A Flintstone Vitamin sitting next to my bowl of cereal each morning. Eating Hamburger Helper with my family on Thursday nights. Going to the library with my mom every week. Watching Family Matters together on Fridays. Sitting on my dad’s lap telling him about my day while my mom made dinner.
When I think back on my childhood, these are the memories that stand out as the happiest. It was nothing fancy or elaborate. Just simple togetherness and a routine that made me feel safe.
In his book Simplicity Parenting, Kim John Payne says it best, “In the tapestry of childhood, what stands out is not the splashy, blow-out trips to Disneyland but the common threads that run throughout and repeat: the family dinners, nature walks, reading together at bedtime, Saturday morning pancakes.”
Now that I’m the mother, I want to offer the same comfort to my own children. Thinking about setting up schedules and creating routines can seem very boring and sterile. But I would argue that structure is the scaffolding on which spontaneity and fun are built.
It’s hard to plan a surprise trip to the pool in the morning when you don’t know what time your kids are going to wake up because they all went to bed late and at different times. Harder still if you have to tear the house apart to find bathing suits and you’re out of sunblock.
What should have been a quick, fun trip turns into a carload of grumpy, sleepy kids, a frustrated set of parents, and a detour to the store to purchase sunblock.
Instead, imagine that your children all went to bed at a similar hour and you already know what time they typically wake up. It only takes you 10 minutes to pack for the pool because you know where everything is. And, because you started packing the night before, you were able to make that trip to the store while the kids were in bed.
I don’t know about you, but the second scenario sounds a lot more fun and relaxing to me.
But how do you set up schedules and routines if life is currently chaos?
The first thing that I would recommend is to think about your typical day. I’m willing to bet there is some routine to it already, whether intentional or not.
For instance, you may come home from work and enter the house with three kids whining about being hungry. You scramble around the kitchen to see what you can make with children underfoot the whole time. You throw something together for the kids to eat as quickly as possible just to put an end to the complaining. What an irritating 15 minutes!
If this is what all of your weekdays feel like, then you’ve identified one of your routines. Now we take a look at what’s not working and decide what we could do better. Maybe you could make a crock-pot meal the night before and set it to cook in the morning before you leave. If that’s more work than you want to put in, try having a handful of super fast go-to meals that you rotate throughout the week. Or you could give yourself a night off by ordering take-out every Tuesday.
It doesn’t really matter what the routine is, it only matters that you are consistent with it and it works for your family. Try to identify the sore spots in your day and think about what you could do differently to make it easier.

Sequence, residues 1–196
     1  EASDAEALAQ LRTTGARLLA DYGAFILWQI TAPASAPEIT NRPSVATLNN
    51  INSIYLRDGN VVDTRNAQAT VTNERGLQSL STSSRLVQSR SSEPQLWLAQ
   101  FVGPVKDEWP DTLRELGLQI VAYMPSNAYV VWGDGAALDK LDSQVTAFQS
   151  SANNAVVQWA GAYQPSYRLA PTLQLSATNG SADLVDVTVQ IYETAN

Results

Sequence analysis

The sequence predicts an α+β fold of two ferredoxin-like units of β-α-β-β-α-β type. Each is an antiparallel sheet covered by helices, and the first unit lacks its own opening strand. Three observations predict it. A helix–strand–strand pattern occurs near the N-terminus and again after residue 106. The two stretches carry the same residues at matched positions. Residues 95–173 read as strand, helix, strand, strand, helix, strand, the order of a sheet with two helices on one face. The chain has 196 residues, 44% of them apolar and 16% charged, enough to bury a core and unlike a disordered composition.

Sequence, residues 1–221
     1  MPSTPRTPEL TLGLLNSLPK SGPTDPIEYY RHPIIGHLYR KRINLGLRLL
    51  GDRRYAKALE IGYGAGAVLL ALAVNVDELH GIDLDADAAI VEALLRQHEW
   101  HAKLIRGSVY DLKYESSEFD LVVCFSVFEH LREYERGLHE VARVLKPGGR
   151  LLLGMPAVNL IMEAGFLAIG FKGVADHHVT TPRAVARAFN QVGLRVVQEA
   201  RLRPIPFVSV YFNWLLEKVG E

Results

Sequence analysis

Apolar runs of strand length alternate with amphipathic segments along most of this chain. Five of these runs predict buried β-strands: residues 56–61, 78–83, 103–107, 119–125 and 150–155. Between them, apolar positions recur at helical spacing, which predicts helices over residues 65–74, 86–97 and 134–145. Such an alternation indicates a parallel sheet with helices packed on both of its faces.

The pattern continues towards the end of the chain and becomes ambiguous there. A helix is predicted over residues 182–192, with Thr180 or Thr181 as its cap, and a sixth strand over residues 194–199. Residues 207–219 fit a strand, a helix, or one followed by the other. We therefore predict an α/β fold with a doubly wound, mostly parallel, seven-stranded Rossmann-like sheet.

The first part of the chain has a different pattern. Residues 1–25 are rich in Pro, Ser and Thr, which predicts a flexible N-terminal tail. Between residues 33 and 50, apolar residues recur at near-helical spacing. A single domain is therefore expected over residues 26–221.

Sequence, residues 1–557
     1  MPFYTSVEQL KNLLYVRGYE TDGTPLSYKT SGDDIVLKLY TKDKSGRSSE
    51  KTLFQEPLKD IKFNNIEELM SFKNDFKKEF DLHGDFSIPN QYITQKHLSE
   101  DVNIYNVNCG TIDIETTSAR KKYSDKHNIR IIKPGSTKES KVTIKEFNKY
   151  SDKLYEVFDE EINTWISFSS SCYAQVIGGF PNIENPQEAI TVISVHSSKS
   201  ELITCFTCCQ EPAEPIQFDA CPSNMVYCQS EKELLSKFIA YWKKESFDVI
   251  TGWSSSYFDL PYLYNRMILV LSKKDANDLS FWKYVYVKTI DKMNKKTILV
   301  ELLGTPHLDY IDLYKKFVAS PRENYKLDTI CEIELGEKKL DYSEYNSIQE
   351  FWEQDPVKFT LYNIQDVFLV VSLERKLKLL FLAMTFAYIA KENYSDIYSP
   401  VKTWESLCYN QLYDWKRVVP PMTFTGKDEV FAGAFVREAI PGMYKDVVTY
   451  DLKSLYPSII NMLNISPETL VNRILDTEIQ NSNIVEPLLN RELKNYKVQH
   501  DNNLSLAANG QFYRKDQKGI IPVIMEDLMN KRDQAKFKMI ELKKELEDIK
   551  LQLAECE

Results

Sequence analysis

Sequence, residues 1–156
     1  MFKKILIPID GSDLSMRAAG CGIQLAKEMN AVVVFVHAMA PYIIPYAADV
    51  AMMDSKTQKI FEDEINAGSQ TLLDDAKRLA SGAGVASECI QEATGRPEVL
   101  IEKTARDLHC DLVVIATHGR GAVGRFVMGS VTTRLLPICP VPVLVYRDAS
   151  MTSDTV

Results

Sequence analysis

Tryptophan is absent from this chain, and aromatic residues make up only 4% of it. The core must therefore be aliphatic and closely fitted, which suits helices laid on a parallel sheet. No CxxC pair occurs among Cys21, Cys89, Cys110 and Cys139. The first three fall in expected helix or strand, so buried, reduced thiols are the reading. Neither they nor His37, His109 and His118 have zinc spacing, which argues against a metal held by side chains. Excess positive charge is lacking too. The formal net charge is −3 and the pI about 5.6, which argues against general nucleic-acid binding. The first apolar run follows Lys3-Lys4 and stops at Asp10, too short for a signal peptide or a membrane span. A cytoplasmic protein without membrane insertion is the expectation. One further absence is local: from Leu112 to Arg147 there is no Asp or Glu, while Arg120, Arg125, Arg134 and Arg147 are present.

Our family takes routines to an extreme. Each week is almost identical. We go to McAlister’s on Tuesdays for dinner and Chick-Fil-A on Saturdays for lunch. On Sundays, we go to the grocery store as a family. Each meal we eat at home is eaten on the same plate with the same cup. We get up at the same time each morning (no matter the day of the week). And always read each child a story and sing each one a song before they go to sleep at night.
Our home thrives on a consistent schedule. The children argue less because they know what is expected. With routines in place, my husband and I can relax a bit because the planning has already been done. This gives me the peace to be a happy, fun-loving mom when I’m with my children.
Hopefully, you can recognize a few areas where routines might benefit your family to help create a little extra comfort and stability in your household. Then, someday, maybe they’ll remember the little things fondly, too.
If you enjoyed this post, you might like these as well:
Living Peacefully with Toddlers: Introduction: The first installment in the Living Peacefully Blog Series.
Living Peacefully with Toddlers: Cultivating a Peaceful Environment: Using techniques learned in the Life-Changing Magic of Tidying Up by Marie Kondo and Simplicity Parenting by Kim John Payne to create a calm home environment.
Living Peacefully with Toddlers: Post-KonMari Home Tour: A tour of our home from top to bottom.
Living Peacefully with Toddlers: Montessori at Home: How we’ve incorporated Montessori principles into our daily routine.
Living Peacefully with Toddlers: Practicing Intentionality in Parenting: How to make decisions with purpose that work for your family.
Hello there! I’m Krysta. If you’re new to The Thoughtful Mom, welcome! And thank you for stopping by.
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